- Associated Press - Friday, May 26, 2017

HUTCHINSON, Kan. (AP) - A teak wood bench sits on the edge of the butterfly garden at Dillon Nature Center where dill and parsley blend with milkweed, purple spiderwort and bee balm.

The garden was recently created in loving memory of the butterfly lady - Imogene Hall.

A big supporter of the nature center, Imogene died April 5, 2016.

The Hutchinson News (https://bit.ly/2qh37tn ) reported that for a number of years, she also put a lot of time and energy into raising butterflies from caterpillars. She began with the tiny speck of an egg found in her backyard on parsley leaves or dill plants.

She put them in a special container until they grew into caterpillars. From there she would place them into individual glass jars where, after 10 days, the caterpillars grew chubby before going into chrysalis for another 10 days. She would always welcome children on her porch to explain the process of evolving into a butterfly.

Imogene also shared caterpillars and the special leaves where they lay their eggs with teachers to use in their classrooms.

After her death, one of her memorials was to Dillon Nature Center. This spring, a butterfly garden was established in honor of Imogene.

“I think it’s awesome,” said Richard Hall, Imogene’s husband. Since the garden was completed, he has spent time sitting and reflecting in the garden area just south of the visitor center.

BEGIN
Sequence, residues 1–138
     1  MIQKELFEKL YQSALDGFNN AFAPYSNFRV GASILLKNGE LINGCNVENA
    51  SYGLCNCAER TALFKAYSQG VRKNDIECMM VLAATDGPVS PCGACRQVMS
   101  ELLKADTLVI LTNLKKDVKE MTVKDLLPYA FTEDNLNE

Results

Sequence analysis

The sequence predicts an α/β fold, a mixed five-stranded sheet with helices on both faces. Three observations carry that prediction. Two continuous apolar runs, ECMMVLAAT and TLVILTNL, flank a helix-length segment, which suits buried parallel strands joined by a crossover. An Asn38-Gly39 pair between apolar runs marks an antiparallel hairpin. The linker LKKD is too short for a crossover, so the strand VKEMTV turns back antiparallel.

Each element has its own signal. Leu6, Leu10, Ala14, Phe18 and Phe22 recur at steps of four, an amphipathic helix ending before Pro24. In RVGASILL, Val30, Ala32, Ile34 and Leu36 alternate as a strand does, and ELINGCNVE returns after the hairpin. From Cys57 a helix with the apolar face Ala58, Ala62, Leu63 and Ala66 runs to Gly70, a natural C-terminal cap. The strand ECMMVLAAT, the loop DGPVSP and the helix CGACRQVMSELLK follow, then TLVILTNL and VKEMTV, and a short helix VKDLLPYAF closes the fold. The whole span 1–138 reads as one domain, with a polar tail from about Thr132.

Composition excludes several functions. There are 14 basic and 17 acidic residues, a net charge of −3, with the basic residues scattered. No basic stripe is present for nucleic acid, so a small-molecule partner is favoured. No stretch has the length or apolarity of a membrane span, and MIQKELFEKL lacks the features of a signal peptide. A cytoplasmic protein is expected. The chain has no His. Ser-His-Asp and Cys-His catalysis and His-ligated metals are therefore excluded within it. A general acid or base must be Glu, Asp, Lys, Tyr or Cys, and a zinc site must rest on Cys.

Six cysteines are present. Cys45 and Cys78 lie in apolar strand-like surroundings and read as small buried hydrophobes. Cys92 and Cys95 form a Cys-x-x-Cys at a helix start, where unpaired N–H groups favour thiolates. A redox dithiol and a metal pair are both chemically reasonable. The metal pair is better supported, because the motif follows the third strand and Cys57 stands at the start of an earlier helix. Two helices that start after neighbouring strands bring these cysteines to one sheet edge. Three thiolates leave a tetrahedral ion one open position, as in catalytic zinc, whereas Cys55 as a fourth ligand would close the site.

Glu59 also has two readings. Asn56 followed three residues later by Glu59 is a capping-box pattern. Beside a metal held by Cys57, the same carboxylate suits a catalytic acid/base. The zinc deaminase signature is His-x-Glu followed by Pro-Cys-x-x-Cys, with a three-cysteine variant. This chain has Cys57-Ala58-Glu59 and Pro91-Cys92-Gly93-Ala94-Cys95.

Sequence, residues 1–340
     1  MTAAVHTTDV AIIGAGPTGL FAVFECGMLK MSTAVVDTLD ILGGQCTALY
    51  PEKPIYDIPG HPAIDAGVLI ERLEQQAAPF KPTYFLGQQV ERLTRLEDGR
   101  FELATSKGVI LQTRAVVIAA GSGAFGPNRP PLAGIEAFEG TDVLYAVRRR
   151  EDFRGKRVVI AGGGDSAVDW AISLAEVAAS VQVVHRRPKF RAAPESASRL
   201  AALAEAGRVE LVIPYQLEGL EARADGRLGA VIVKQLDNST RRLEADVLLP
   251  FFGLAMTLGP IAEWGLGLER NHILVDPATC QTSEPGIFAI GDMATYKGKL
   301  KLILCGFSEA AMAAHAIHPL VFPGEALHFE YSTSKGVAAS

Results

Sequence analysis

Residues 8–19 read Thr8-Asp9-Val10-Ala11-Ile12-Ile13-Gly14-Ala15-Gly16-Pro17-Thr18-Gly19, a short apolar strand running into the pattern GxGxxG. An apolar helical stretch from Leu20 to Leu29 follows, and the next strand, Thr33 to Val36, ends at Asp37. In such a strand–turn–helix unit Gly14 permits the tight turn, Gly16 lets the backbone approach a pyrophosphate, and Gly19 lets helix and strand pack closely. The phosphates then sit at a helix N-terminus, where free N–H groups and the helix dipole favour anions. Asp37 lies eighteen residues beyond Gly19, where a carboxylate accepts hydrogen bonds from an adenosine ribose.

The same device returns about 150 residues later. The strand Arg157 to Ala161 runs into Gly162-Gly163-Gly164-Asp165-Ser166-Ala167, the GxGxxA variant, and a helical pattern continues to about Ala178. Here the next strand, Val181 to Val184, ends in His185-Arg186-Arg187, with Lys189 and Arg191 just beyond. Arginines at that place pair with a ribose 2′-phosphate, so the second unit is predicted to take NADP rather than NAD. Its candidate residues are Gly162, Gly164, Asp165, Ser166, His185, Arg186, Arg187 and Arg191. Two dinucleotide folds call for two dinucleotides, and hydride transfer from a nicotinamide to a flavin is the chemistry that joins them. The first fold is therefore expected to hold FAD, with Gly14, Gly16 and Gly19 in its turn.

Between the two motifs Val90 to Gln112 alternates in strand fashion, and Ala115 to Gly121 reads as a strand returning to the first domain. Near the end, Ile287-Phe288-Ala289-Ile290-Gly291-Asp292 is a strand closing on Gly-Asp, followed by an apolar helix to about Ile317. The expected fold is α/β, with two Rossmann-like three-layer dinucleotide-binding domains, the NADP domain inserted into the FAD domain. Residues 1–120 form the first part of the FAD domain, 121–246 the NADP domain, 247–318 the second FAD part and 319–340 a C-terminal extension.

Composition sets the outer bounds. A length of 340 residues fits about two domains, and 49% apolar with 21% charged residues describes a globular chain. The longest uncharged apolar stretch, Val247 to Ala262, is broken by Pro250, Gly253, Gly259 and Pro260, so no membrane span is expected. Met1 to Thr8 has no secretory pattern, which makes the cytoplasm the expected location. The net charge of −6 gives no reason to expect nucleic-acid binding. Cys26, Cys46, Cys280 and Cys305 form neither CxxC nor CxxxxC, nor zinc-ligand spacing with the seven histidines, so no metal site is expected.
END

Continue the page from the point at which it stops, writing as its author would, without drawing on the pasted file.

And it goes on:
“The last time I was there I saw all kinds of butterflies,” Richard said. “They were really pretty butterflies and I thought of Imogene. This is a wonderful tribute and she would be very honored and humbled.”

Included in the garden is a tall sign, with Imogene’s picture and information regarding the types of butterflies that might be spotted in the garden, such as Gulf Fritillary and black swallowtail. There are pictures so people can identify what they are seeing in the garden. It’s as if Imogene continues to offer lessons on the butterfly.

On Monday morning, Mary Clark, superintendent of Dillon Nature Center, was putting out cut-up strawberries for the butterflies.

Imogene loved butterflies, that was her passion and we were the recipients of her memorial when she passed away,” Clark said.

The newly established garden is arranged with lower growing plants in the front row, so that visitors will be able to see the caterpillars as they rest on the leaves of the plants.

“Mary designed the whole thing and did an awesome job selecting the flowers and suggesting a location,” Richard said.

On a spring day while Clark was planting there was just one monarch butterfly fluttering about. It appeared it wanted to watch what Clark was doing.

“It was a beautiful monarch,” Clark said. “And I thought: It’s Imogene.”

___

Information from: The Hutchinson (Kan.) News, https://www.hutchnews.com

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